What was the mood like in D.C. in the lead-up to the invasion?
In my conscious lifetime, it was the most exultantly pro-war that I can recall. The prevailing mood was a William Randolph Hearst–type production. It was not just disagreement on the merits of doing this, it was dismissive ridicule of the weakness of the people who weren’t with the program. [If you were against the war] it was a sign that you shrank reflexively from the use of force, that you were a symptom of America’s long slouch into fearfulness around the world, that you were dismissive of the moral claims of the Kurds or others in Iraq. If you were tough as a thinker and decision-maker, if you were brave about America’s role in the world, and if you were properly sensitive to the moral claims of the people Saddam Hussein had abused, then the logic of history and the times led you not to just support the war, but to embrace it.
In August 2002, The Atlantic published your piece “The Fifty-First State?,” which laid out many potential dangers that became deadly realities in Iraq. How did you come to sound that warning?
By February ’02, we were sure that the war was going to come. So we thought, “What are going to be all the questions people are going to be asking after the war starts? Let’s ask all of those now and, as a bonus, see if asking those questions now might affect the decision of whether to do it at all.” Now, there was some tension within The Atlantic itself, because our then-editor, Michael Kelly, was very, very emphatically pro-war. He’d been a reporter in Iraq during the original Gulf War, and he had firsthand experience with all the cruelties of Saddam Hussein. He said, “We have to go to war, it’ll be great for Iraq, great for America, and I personally want to witness it.” He, of course, was an embedded reporter and was killed. And although Kelly and I disagreed entirely, he, to his credit, recognized that I and other people on the staff didn’t agree with him. He told me to go full speed ahead with the piece. It came out while he was still alive, and while he disagreed with it, he was supportive of our running it as a cover story and pushing it hard.
How did other war supporters respond?
A lot of my friends were in the liberal-hawk camp, and it was more just rolling their eyes: There he goes again. He didn’t like Vietnam. He doesn’t like this either.
Do you think there was an element of groupthink among the liberal hawks?
I’m wary of saying what were other people’s motives, but I’ll say there are different generations that have had their good wars. Some significant portion of people on the left, especially the D.C.-centric branches of people on the left, were uneasy always seeming to be against whatever war was on offer. So when there was the chance of a quote-unquote good war, many of them were attracted. There is the ancestral impulse in man—Samuel Johnson wrote about this; many other people have too—where you want to show that you are strong, and a proxy for that is being willing to support military action. And then there was the sense that there was just something weak and something wet and something just not really first team about you if you thought, Wait a minute, is this going to be a good idea?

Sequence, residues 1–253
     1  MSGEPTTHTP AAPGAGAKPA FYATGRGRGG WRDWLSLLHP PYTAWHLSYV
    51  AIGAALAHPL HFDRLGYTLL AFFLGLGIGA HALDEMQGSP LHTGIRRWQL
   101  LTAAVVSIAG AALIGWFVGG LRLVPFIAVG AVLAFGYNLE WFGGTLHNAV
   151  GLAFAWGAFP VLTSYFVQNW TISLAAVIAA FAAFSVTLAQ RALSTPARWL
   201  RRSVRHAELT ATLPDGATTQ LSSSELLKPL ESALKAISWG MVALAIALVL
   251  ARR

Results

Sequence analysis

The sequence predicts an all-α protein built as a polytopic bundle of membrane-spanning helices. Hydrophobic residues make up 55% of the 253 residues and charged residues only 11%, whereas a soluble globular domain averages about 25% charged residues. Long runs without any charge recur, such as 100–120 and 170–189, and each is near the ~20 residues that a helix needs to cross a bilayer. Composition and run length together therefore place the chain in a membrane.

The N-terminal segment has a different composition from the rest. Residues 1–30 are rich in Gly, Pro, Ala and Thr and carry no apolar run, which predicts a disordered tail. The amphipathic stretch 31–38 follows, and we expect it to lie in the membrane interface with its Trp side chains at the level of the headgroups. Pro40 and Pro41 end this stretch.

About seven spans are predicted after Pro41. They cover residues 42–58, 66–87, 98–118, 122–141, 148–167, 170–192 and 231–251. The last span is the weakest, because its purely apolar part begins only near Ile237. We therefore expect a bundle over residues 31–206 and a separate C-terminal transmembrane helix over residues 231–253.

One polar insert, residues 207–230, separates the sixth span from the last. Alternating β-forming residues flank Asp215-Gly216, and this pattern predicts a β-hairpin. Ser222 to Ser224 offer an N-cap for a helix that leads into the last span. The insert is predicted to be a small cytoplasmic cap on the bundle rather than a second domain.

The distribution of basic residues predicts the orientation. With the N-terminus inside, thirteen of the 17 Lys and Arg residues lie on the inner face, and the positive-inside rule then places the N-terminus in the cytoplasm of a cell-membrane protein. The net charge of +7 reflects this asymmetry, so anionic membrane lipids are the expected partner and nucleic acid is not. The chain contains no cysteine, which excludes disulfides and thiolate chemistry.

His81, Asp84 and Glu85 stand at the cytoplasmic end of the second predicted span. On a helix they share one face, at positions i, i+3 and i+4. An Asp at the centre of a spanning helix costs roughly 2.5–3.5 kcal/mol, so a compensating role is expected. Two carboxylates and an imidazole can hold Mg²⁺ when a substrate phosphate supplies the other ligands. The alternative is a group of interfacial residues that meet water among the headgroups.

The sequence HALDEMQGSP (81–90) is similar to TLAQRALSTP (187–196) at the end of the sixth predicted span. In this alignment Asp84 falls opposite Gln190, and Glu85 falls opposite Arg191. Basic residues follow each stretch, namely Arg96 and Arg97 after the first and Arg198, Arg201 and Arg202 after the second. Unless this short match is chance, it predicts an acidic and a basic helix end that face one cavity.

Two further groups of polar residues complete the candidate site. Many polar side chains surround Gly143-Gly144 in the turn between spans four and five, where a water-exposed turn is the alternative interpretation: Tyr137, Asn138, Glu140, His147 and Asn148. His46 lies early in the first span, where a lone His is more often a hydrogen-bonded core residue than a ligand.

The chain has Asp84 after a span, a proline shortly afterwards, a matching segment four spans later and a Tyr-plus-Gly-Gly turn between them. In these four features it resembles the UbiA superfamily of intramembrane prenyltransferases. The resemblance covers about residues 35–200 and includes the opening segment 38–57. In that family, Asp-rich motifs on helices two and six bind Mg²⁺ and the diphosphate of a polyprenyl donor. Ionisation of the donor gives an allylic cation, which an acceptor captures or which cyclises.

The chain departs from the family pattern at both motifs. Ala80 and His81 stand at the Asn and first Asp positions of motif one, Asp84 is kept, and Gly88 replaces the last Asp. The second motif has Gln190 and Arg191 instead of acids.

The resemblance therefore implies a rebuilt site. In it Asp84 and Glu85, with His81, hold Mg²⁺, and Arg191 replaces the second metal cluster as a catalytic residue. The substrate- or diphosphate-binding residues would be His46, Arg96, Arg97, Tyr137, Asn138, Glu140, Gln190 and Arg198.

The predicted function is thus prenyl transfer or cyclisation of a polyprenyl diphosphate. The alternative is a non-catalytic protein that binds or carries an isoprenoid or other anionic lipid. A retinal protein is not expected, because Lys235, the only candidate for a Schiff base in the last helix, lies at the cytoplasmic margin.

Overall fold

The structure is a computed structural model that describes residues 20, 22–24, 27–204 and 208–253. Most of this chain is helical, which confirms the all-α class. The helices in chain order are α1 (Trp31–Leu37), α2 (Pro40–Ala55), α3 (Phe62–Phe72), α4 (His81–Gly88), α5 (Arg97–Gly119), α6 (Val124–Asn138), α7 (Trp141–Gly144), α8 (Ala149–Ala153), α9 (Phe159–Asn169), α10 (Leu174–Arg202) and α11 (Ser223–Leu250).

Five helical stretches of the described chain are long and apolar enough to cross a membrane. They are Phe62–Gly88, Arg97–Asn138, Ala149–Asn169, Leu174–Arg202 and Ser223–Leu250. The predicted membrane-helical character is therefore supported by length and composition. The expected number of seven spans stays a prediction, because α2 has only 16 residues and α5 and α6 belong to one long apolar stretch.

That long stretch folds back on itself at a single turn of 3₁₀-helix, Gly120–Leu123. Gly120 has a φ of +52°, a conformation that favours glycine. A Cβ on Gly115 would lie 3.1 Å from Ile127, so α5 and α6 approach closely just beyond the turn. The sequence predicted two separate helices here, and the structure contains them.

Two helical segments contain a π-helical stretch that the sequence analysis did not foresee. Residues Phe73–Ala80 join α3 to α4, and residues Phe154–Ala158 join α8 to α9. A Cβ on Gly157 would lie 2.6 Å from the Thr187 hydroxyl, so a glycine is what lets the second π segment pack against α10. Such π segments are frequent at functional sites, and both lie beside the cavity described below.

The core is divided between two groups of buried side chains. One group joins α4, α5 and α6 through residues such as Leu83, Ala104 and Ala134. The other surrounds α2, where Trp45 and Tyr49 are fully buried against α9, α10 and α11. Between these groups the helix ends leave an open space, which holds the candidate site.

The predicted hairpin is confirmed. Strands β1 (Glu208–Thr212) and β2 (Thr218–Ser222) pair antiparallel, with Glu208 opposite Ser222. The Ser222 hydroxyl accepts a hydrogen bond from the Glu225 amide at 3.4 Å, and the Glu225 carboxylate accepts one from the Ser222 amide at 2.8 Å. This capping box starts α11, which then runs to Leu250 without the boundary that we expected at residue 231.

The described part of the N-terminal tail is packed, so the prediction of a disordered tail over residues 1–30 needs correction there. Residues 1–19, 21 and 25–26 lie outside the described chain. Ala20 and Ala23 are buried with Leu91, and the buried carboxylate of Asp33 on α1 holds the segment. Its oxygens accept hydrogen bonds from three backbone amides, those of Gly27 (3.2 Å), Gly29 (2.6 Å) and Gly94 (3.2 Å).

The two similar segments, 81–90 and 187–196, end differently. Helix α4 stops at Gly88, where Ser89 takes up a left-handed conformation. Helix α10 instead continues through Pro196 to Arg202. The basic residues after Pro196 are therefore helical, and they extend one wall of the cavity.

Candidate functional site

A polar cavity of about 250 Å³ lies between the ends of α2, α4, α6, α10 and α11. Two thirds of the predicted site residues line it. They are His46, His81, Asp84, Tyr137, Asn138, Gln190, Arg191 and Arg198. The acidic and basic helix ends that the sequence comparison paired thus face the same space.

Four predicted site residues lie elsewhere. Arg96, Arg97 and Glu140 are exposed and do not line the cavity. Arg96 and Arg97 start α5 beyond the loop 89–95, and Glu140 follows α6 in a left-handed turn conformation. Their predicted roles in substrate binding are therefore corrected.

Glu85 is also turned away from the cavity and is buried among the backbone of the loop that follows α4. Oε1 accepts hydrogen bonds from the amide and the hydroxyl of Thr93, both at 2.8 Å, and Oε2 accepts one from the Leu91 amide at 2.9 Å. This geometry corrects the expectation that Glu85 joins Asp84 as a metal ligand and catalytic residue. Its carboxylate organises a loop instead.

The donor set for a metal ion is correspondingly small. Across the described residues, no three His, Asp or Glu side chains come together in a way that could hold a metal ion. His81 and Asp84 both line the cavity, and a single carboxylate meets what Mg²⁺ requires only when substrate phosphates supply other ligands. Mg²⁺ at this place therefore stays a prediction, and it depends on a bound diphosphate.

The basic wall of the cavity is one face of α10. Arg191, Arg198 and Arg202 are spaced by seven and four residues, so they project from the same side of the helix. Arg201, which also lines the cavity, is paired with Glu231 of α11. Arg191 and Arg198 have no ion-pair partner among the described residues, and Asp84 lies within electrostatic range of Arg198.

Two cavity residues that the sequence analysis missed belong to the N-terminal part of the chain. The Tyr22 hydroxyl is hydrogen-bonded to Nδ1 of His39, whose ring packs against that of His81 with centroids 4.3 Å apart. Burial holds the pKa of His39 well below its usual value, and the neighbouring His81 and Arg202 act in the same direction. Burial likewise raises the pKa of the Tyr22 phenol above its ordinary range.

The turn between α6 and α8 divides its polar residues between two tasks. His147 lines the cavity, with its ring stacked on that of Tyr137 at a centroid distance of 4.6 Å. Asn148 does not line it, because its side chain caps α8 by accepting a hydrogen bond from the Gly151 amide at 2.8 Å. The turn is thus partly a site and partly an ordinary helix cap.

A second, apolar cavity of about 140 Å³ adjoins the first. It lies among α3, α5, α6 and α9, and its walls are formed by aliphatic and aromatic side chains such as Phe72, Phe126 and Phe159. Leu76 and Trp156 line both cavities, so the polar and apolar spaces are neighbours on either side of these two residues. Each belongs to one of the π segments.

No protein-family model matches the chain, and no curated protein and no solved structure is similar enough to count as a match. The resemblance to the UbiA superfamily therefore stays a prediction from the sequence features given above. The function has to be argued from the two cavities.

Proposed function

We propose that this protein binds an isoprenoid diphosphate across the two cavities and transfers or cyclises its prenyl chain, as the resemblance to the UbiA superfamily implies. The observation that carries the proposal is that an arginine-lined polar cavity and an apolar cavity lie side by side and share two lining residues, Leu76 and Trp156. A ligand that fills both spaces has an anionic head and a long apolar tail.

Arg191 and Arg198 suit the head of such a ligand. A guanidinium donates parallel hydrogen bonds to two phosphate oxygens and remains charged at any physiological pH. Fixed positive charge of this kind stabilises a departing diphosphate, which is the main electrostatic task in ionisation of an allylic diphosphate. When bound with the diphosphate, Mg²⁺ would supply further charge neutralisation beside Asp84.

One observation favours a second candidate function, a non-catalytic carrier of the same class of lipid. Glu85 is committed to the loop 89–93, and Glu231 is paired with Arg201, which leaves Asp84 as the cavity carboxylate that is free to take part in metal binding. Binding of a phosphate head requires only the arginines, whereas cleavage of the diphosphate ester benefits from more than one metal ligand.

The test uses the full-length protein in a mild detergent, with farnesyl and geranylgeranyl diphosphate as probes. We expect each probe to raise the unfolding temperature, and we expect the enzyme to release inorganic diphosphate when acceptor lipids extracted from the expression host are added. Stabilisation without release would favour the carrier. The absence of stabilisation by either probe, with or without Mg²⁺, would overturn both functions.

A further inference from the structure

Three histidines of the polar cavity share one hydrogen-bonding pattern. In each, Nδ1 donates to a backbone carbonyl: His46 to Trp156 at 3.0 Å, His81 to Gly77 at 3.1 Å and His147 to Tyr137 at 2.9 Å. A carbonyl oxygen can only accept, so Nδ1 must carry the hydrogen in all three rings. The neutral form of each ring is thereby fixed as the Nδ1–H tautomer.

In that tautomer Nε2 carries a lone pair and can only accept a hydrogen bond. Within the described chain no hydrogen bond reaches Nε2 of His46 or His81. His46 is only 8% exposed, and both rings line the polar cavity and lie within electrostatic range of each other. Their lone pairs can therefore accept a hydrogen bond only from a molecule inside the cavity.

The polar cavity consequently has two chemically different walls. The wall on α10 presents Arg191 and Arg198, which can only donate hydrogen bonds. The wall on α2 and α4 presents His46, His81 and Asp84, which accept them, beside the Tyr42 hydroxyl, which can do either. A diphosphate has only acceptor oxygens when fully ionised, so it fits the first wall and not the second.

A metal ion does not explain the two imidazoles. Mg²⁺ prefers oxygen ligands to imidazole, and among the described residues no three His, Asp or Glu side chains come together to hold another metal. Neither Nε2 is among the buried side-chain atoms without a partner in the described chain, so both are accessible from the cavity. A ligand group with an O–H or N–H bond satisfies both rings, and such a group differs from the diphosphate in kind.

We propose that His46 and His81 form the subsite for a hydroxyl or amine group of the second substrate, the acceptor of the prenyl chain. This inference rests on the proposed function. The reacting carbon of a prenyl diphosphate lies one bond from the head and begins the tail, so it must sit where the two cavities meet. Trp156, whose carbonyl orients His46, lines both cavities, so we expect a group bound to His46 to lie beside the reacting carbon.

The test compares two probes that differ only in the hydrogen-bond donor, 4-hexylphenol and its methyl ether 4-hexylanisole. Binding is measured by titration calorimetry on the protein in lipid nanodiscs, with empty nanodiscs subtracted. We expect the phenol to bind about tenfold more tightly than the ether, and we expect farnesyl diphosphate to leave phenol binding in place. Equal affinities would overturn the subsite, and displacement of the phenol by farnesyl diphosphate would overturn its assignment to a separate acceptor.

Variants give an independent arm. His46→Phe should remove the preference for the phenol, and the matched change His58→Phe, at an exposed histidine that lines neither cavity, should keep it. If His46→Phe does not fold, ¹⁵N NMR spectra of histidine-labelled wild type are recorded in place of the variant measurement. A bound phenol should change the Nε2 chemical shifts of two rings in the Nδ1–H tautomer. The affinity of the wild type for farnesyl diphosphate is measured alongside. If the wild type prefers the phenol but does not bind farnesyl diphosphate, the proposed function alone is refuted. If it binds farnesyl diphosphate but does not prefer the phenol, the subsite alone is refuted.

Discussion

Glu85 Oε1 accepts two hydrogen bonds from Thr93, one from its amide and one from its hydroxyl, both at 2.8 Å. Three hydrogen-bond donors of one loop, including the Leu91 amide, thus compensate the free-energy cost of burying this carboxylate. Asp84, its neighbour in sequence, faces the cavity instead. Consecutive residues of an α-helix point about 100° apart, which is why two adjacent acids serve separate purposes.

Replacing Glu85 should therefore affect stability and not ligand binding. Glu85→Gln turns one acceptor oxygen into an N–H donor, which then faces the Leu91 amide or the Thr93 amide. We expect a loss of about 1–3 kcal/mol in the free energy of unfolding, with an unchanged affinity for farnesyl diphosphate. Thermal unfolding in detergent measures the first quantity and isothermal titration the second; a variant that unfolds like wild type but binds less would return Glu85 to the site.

Did it feel lonely not being on the team?
For me, no. I’ve done a lot of reporting in the military, and most of the reporting I did for [“The Fifty-First State?”] piece was among military people who were not enthusiastic about it. I think the moment that distills this whole mood in Washington was the exchange between [Deputy Secretary of Defense Paul] Wolfowitz and [Army Chief of Staff Eric] Shinseki. Shinseki was saying that it was going to take all these people, it was going to be very hard, we were going to have all these casualties. And Wolfowitz comes back and just with this merciless sneer says it would just be impossible to imagine it would take more people to occupy the country than to conquer it. That is the epitome of what I’m talking about.
Why do you think many liberal hawks haven’t issued full-throated mea culpas?
No. 1, it’s a difficult thing to do. No. 2, it’s a difficult thing to do correctly without seeming as though you’re underscoring your great acumen by saying, “I was wrong then, but I can see now exactly why I was wrong, so listen to me all the same way.” I do respect people who say, “Look, I was simply and objectively wrong about this.” Andrew Sullivan obviously did that. Peter Beinart did it in a different way. It is striking how few people who are now putting out pronouncements about the need for American intervention, whether it’s in Syria or Iran or someplace else, have that little asterisk saying, “I made a similar claim a dozen years ago, and I was wrong.” I hold out for special regard here the editorial page of the Washington Post, which was stridently pro-war and has never reflected on that—same management as it was a dozen years ago, and to the best of my knowledge I’ve never seen any introspection from them. They were the only major publication that on the ten-year anniversary didn’t have any look-back.
Should we all be holding unchastened hawks to more account?
There is no non-asshole way to keep pointing out, “Hey, you’re saying we should go to war now; what about a dozen years ago?” You just become a nag if you say that.
But maybe an important nag?
Yes, but you’d rather have somebody else do it. I recognize that I didn’t say clearly, “Stop! Don’t do this! This is folly!” It was an inarguable fact that the machine had been turned on and there was going to be a war. We knew that as a journalistic observation a year before the invasion, so the premise of my piece was “This is coming, here’s how to keep it from being a disaster.” If I’d had full foreknowledge, I would have had an extra paragraph saying, “This is coming, but it shouldn’t come because we’re not going to do these things and it is going to be a disaster.” But we’re all prisoners of our knowledge at the time.